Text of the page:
Breakdown of the blood-retinal barrier in a model of retinal neovascularization.
Breakdown in the blood-retinal barrier occurs in retinal neovascularization in a number of diseases. To study the anatomic basis of this breakdown, we examined retinal neovascularization induced by injection of 250,000 homologous fibroblasts into the vitreous cavity of pigmented rabbits. Neovascularization is evident by electron microscopy in this model 3 days after fibroblast injection. Fluorescein angiography followed by intravenous horseradish peroxidase (HRP) injection was performed prior to enucleation on 2, 3, 5, 7, and 14 days after fibroblast injection. Fluorescein leakage from retinal vessels occurs early (at day 1) and persists as the neovascularization progresses. The leakage in the early stages is concentrated near puckers from the medullary wings. In the later stages, fluorescein leakage is most prominent in the developing tips of the new vessels. Horseradish peroxidase was not observed to leak from the lumen of new vessels. "Gaps" or separations in the endothelial cell junctions were not observed in developing vessels. The breakdown of the blood-retinal barrier in this model of retinal neovascularization is therefore selective, (ie, fluorescein leaks but not HRP) and it is not due to gaps or fenestrations between endothelial cells in developing vessels.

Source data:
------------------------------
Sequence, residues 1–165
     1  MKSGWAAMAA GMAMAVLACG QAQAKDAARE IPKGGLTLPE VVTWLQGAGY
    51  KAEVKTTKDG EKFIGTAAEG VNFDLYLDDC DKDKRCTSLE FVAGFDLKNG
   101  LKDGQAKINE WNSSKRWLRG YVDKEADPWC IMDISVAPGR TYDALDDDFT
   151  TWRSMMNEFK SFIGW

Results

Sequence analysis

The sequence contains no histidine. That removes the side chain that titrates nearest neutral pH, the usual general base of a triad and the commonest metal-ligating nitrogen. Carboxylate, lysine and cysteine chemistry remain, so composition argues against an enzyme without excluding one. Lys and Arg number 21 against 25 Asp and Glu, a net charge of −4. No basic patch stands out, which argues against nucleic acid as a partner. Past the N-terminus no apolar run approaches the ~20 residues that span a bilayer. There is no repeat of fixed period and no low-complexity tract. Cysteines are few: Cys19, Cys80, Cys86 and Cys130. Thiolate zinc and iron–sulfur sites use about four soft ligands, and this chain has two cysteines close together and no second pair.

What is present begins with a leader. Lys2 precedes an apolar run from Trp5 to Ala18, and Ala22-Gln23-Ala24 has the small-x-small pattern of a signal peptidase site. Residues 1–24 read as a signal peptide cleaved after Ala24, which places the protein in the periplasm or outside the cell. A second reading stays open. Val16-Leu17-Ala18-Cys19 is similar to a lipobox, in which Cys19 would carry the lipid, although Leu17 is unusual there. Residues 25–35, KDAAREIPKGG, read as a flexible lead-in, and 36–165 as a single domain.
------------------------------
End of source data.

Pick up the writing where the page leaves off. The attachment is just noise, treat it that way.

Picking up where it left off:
de Juan, E; Wilson, D; Hatchell, D
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